Manitou Experimental Forest

Expanding from forest, range, and watershed studies, the Manitou Experimental Forest in Colorado continues its research in meteorology, ecology, and biology, spreading the importance of renewable resources and forest lands to the public.

Located northwest of Colorado Springs in Manitou, Colorado, the Forest Service established the Manitou Experimental Forest (MEF) in 1936 to study land use and forest management of the ponderosa pines in the Colorado Front Range. Spanning from northern New Mexico to southern Wyoming, the Front Range includes a unique diversity of vegetation including not just ponderosa pines but also Douglas firs, aspens, willows, shrubs, brushes, and native grasses. The Forest’s research station, the Rocky Mountain Research Station, is one of five of the Forest Service’s regional stations in the Rocky Mountains, which help monitor the health and sustainable use of our country’s valuable forests.

Fur traders originally used much of the land in the area in the early 1800s, but as the availability of furs declined in the later part of the century, mining and logging became prevalent along with farming and raising of livestock. Consequentially, the culmination of grazing and logging resulted in the near devastation of the forest by 1900, and erosion caused by poor farming techniques left the soil nearly depleted by the mid-1930s. Thus, MEF began forest, range, and watershed research to find ways to restore the land’s natural resources, while also allowing for long-term productivity. In the early years, it focused on how to use the region’s watershed to revegetate the area and to minimize flooding and sedimentation deterioration caused by storms, which included studying the area’s precipitation, pollution, streamflow, and runoff. From the late 1940s to the late 1950s, the MEF invested in pasture studies that addressed the quality of cattle diets to allow maximum livestock production, without causing erosion or depleting the watershed and native grasses.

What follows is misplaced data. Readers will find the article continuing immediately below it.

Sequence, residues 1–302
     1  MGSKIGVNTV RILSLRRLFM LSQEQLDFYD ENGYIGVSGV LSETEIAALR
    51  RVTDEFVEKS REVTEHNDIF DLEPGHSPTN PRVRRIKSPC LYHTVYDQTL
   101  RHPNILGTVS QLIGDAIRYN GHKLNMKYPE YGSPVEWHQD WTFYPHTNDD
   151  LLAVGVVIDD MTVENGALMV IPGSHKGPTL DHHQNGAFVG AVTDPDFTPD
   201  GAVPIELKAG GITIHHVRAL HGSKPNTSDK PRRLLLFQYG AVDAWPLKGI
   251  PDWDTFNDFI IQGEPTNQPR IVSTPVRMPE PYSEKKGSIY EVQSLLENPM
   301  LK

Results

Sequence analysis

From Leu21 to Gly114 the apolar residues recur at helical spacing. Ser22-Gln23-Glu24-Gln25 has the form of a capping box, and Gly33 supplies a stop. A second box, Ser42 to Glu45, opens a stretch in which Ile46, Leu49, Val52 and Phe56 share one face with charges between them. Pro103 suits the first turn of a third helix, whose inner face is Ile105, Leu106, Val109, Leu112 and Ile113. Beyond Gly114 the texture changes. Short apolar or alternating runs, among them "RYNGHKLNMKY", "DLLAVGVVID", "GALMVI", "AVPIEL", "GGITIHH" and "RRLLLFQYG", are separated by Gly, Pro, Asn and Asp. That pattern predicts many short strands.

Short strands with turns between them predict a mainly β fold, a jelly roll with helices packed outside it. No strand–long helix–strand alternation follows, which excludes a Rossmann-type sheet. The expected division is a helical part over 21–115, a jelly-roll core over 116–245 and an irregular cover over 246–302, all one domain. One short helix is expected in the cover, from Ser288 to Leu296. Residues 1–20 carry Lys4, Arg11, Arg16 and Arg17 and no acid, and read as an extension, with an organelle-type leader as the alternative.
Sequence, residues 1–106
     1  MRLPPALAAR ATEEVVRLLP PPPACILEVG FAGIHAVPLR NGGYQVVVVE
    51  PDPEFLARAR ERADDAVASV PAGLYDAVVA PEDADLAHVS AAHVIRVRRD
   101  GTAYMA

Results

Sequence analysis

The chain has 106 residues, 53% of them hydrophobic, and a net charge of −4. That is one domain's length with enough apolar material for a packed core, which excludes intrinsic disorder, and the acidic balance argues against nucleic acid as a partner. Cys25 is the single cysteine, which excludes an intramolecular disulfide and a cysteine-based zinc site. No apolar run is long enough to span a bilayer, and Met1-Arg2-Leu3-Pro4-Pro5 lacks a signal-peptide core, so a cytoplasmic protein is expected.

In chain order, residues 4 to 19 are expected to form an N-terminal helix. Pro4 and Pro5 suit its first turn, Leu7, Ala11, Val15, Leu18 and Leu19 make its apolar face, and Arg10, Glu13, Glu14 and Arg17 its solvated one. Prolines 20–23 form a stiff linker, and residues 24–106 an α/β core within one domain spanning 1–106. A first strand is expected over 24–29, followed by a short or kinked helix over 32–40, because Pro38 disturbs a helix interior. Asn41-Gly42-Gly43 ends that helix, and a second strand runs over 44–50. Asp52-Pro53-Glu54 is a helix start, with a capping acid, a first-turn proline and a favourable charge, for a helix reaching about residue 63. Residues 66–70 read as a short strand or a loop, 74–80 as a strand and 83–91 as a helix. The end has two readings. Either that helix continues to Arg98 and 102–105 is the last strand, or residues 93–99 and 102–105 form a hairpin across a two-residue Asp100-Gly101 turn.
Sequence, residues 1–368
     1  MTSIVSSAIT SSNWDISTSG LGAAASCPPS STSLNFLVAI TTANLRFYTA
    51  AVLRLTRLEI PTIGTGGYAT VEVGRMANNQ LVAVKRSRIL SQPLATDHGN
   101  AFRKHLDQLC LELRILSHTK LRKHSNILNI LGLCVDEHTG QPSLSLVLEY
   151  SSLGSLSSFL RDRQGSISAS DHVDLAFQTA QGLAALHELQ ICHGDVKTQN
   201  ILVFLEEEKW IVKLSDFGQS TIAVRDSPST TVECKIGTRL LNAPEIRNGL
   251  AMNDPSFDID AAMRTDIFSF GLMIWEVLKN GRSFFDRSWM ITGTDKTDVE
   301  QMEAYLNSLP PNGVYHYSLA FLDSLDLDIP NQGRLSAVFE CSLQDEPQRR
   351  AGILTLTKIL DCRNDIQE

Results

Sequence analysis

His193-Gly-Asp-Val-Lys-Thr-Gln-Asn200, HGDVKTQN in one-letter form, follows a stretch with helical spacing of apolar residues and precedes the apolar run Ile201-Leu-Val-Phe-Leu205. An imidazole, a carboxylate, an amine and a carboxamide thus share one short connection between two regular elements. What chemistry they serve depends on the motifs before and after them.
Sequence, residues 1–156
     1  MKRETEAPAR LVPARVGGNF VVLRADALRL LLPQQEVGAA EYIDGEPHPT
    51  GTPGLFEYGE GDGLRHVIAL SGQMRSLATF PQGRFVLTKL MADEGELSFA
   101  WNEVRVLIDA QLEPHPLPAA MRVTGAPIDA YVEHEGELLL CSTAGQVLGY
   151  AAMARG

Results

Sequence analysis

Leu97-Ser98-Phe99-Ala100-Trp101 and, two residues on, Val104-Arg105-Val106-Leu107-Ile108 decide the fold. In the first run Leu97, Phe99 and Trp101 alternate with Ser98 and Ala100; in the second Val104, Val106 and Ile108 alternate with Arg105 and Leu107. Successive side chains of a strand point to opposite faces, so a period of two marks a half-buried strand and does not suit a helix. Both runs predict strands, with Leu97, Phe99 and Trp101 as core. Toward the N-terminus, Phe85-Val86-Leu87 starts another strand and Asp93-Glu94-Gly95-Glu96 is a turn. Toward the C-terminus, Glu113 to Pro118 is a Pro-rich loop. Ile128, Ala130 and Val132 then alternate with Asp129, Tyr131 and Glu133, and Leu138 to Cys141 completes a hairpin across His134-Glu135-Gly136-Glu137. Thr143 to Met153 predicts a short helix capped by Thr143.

The natural and artificial regeneration of ponderosa pine became one of its long-term studies in 1980. Throughout the 1980s, foresters worked in cooperation with Colorado State University to evaluate performance and patterns of growth and survival of ponderosa pines with seeds collected from seventy-five different zones in Colorado. They recorded measurements of height, diameter, and when growth would stop or resume with the seasons. This research also included monitoring the progress of natural seedlings, methods of cutting seed-trees, how seeds germinate and spread, how far to space trees when planting, and the prevalence of the invasive plant species to discover the most effective forest management practices for ponderosa pines, while also improving water yields. Other projects during this period included evaluating habitat requirements for the region’s Flammulated Owl population, and monitoring the health of Manitou’s lakes, streams, and domestic water supply by studying its fish diversity and levels of pollution, bacteria, and algae.

In 1998, the National Park Service added the MEF's experimental station and six of its buildings to the National Register of Historic Places. Currently, its research focuses on studies in meteorology, ecology, and biology. It also often partners with various universities and museums in Colorado in order to continue research and expand public awareness on the importance of renewable resources and forest lands.